Diesel may be in decline as the UK moves towards hybrid and electric cars, but it isn’t finished yet, a motor trade expert has said.
This is the view of Big Mike, a pseudonymous columnist for Car Dealer Magazine, described as having “had more than 40 years in the car trade so has probably forgotten more about it than we’re likely to know”.
In his latest column for the magazine, Big Mike outlined the history of diesel cars, suggesting they were unattractively noisy, smelly and slow in the early days, but developed to the point that by the 1990s they were not only a viable alternative to petrol, but seen as a greener option because of their lower CO2 emissions.
However, that changed as the focus shifted to other kinds of emissions and government policy turned against diesel.
However, Big Mike stated, this has caused him to turn into an “advocate” old diesel once more.
Describing himself as a “womble at heart” who considers that “one’s man’s trash is another’s treasure”, he said: “Right now there are loads of unloved, unwanted and borderline unsaleable diesel cars on the market that the upper-middle end of the trade don’t really want and are throwing away.”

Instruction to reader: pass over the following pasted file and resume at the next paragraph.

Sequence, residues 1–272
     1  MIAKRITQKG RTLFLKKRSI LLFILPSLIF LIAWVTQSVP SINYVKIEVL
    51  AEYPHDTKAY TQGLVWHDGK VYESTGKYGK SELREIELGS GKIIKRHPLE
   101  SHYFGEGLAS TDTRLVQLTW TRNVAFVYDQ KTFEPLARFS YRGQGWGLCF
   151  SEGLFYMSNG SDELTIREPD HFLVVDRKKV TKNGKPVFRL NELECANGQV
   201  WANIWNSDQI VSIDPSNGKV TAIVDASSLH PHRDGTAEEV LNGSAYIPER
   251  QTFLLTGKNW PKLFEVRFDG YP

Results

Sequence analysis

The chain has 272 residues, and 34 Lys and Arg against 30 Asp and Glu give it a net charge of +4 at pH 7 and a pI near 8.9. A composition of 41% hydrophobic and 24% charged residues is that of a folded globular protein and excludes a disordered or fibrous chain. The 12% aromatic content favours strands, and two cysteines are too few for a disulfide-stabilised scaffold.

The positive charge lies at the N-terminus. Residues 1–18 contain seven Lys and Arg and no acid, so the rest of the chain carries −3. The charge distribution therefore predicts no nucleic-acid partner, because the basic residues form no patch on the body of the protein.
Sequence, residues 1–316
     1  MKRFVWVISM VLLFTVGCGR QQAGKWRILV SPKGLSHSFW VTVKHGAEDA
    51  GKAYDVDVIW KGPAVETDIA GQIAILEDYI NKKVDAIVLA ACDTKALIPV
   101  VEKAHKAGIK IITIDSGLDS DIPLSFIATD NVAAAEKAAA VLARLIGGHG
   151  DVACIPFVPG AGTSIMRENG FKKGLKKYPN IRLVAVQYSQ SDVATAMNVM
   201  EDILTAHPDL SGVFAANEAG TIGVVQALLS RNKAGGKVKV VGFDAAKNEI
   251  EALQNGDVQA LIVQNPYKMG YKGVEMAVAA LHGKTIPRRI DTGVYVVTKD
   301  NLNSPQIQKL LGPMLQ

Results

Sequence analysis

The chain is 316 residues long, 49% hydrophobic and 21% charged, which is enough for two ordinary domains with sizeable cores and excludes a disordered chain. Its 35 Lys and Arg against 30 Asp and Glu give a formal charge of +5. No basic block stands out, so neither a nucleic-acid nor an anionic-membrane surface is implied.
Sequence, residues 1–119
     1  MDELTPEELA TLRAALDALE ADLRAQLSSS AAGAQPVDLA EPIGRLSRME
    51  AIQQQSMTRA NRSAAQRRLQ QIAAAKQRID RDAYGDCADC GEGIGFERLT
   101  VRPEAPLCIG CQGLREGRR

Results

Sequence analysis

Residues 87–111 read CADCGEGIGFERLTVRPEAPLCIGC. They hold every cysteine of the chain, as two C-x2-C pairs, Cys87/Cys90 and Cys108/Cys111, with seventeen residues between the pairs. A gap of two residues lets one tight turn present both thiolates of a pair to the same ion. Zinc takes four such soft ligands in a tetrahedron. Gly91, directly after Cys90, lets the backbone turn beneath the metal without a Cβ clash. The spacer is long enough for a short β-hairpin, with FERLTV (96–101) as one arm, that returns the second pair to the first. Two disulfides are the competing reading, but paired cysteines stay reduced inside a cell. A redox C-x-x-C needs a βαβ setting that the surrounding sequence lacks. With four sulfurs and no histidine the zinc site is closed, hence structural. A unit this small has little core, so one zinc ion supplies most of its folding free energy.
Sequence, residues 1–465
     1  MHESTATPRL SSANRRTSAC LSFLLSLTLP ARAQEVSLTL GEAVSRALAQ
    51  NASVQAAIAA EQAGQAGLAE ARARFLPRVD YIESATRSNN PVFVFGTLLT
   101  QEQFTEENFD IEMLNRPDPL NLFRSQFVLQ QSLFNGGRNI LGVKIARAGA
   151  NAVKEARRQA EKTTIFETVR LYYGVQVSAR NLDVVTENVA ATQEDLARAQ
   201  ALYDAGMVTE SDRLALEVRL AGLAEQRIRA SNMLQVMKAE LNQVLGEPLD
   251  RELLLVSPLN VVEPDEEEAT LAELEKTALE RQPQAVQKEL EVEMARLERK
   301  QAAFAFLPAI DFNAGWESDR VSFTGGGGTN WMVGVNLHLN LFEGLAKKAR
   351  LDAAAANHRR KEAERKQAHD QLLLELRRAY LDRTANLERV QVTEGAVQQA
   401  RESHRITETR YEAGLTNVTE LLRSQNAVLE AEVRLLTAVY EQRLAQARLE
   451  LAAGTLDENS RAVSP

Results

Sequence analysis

Of course, not everyone is so big a car enthusiast or fan of diesel vehicles as Big Mike. But the demand for such vehicles has not gone yet, not to mention the fact that vehicles such as tractors still use such fuel.
The direction the car market is going in was made clear by the latest research from the Britain Under The Bonnet report by Close Brothers Motor Finance.
It found 26 per cent of motorists want their next car to be a hybrid, with eight per cent favouring diesel, down from 12 per cent since last year.
While the diesel market is shrinking, therefore, it hasn’t gone completely, so there will still at least be some demand for the fuel.
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